EU foreign ministers back Libya military operation

Military and naval missions will be mandated to enforce UN arms embargo on Libya

Josep Borrell, the EU’s high representative for foreign and security policy, attends a foreign affairs meeting at the EU headquarters in Brussels. Photograph: John Thys/AFP  via Getty Images

Josep Borrell, the EU’s high representative for foreign and security policy, attends a foreign affairs meeting at the EU headquarters in Brussels. Photograph: John Thys/AFP via Getty Images

 

EU foreign ministers have agreed to EU military and naval missions to war-torn Libya to help implement Sunday’s Berlin landmark peace agreement.

The missions, reflecting an EU determination to play a more active role on the world stage, will be mandated to enforce the UN’s arms embargo on Libya and to monitor a ceasefire, if and when it is agreed.

A precarious truce allowed world leaders in Berlin, including all the permanent members of the UN Security Council, to agree a 55-item text framework for UN-brokered peace talks, for the enforcement of the UN embargo, and to lay the basis for a ceasefire.

The ceasefire remains aspirational, but observers said that the willingness of both rival factions in Libya – to name their own military representatives to a committee tasked with bringing it about and monitoring it is a sign that it may happen. The rival leaders – eastern commander Khalifa Haftar and internationally recognised prime minister Fayez al-Sarraj – were in Berlin but refused to sit in the same room.

Concrete plans

Since Gen Hafter began trying to gain control of the capital Tripoli last year, more than 2,000 people have been killed in fighting in the country and about 150,000 displaced.

EU ministers asked the EU’s high representative for foreign and security policy, Josep Borrell, urgently to come up with concrete plans for EU monitoring of a ceasefire and for enforcing the embargo. They hope to give formal approval to such plans at their meeting on February 17th.

The deployments by the European Union are likely to involve a civilian/military observation mission, with EU personnel on the ground monitoring a ceasefire, while the EU would revive its naval operation Sophia off the coast with a new mandate related to the embargo. Mr Borrell said that the naval operation needs to be complemented by enhanced satellite and air capacity as many of the arms come in across Libya’s extensive desert borders.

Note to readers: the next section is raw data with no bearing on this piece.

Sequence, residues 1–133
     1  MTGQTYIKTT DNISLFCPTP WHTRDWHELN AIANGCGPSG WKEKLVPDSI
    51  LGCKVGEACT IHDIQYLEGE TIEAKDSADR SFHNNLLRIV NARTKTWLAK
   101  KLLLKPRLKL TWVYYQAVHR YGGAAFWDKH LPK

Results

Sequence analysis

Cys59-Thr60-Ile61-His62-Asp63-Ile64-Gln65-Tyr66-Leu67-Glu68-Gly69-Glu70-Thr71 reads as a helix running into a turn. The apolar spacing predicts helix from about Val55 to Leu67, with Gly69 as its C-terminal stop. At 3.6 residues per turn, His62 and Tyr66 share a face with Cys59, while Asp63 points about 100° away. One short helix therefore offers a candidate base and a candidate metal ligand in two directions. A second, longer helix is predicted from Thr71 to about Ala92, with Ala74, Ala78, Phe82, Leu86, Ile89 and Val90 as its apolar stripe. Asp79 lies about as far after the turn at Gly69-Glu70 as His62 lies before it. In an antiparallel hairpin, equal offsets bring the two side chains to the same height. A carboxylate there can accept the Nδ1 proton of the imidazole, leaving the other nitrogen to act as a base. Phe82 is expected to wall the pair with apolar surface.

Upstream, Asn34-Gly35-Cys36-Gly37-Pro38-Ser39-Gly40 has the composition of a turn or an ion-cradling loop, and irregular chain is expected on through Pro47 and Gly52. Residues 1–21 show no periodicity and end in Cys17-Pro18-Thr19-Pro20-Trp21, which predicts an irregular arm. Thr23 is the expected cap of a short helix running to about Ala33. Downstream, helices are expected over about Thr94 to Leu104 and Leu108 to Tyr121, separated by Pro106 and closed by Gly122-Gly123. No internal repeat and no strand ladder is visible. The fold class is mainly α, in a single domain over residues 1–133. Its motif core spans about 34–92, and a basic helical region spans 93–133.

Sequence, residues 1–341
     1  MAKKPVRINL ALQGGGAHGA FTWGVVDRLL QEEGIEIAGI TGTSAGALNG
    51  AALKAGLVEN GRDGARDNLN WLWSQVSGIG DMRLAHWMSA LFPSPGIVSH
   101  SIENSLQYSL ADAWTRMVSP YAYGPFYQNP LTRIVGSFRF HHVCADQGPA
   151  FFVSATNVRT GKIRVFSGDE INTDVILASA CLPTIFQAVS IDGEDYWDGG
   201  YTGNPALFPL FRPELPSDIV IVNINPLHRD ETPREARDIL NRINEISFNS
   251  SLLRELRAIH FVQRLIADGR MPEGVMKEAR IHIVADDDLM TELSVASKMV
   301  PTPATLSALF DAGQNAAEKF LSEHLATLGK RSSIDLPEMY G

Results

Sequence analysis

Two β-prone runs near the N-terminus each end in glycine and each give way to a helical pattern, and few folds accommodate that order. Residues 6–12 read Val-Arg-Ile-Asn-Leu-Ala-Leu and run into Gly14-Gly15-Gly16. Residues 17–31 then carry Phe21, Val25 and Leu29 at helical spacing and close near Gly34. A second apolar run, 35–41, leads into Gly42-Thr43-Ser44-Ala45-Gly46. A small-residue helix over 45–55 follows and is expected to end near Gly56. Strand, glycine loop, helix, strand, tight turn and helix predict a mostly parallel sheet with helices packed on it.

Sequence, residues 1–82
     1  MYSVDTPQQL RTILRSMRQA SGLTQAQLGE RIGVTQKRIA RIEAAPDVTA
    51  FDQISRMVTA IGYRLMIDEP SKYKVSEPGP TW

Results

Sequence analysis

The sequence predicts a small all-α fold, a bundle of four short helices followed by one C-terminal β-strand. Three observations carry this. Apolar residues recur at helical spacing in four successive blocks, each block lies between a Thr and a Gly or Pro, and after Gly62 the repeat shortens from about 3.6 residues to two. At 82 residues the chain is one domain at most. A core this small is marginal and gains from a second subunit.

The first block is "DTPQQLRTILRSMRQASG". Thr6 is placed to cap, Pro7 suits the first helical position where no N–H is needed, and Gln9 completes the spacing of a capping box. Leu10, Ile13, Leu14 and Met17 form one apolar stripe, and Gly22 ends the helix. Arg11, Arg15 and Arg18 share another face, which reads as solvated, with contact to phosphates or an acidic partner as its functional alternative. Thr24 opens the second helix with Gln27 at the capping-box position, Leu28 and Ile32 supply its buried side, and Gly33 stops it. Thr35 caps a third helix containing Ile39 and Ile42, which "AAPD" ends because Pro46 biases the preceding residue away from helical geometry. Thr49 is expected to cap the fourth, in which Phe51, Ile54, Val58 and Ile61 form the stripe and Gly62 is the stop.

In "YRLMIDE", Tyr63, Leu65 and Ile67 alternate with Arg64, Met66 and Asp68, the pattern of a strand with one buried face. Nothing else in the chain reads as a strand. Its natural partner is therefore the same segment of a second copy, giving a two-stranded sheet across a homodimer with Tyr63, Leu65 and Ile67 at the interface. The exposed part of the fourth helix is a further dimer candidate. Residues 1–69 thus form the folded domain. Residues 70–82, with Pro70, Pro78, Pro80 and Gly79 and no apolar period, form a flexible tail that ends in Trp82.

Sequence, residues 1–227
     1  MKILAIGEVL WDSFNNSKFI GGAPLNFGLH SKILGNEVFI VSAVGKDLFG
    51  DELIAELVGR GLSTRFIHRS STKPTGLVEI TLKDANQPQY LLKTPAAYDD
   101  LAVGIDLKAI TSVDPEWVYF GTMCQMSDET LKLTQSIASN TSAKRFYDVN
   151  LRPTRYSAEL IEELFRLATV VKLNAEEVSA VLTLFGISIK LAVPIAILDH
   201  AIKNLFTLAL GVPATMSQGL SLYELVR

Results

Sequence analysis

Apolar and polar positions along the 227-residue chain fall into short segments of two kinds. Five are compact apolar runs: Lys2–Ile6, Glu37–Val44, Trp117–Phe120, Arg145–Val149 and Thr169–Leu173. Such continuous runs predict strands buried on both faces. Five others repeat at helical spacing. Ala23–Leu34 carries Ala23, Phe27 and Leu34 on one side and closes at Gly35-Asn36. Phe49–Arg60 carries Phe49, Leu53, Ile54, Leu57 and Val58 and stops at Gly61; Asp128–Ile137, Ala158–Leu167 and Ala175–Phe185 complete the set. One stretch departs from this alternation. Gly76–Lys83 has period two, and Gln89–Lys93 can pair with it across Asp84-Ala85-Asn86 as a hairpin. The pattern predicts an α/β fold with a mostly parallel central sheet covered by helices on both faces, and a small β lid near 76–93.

Sophia, in which Ireland participated from 2015, was tasked originally as a search-and-rescue mission to save migrants off the Libyan coast – Irish Naval Service personnel have rescued more than 18,000 people. Sophia was then also tasked with targeting traffickers’ operations, and intercepting arms shipments.

The naval dimension of the operation had been suspended last year because Italy’s then far-right government would not accept further landings of rescued migrants. The attitude of the new Italian government, which contains the anti-immigrant Five Star Movement but not Matteo Salvini’s far-right League, remains unclear.

Problematic

A new Sophia mandate is likely to prove problematic – although the mission will have a new focus on upholding the embargo, seafarers are required by the law of the sea to rescue those in danger at sea. And where they will be landed is not clear. Italy may yet prove an obstacle to the entire operation.

Mr Borrell insisted on Monday, however, that EU ships would not abandon their rescue role. “Any ship in the Mediterranean will be abiding by international law.”

He had spoken before the meeting of the need for the EU to actively contribute to the tentative peace deal hammered out in Berlin. “It’s clear that the arms embargo requires high-level control and if you want to keep the ceasefire alive someone has to monitor it,” Mr Borrell said Monday when asked about a possible military mission.

He said after the meeting that involvement by the EU had been unanimously endorsed – “political will was manifested” – and it would now be up to the military experts to put flesh on their ambition.

He made it clear, however, that participation in an observer mission would depend on a genuine ceasefire being in place.

Speaking on his way in to the meeting, Tánaiste Simon Coveney said that the “EU is very conscious that we need to play a role here . This is in our neighbourhood.” But he refused to be drawn on whether Ireland could contribute forces.

Italy and Greece said they are willing to send troops, while Germany has also expressed interest in an EU mission.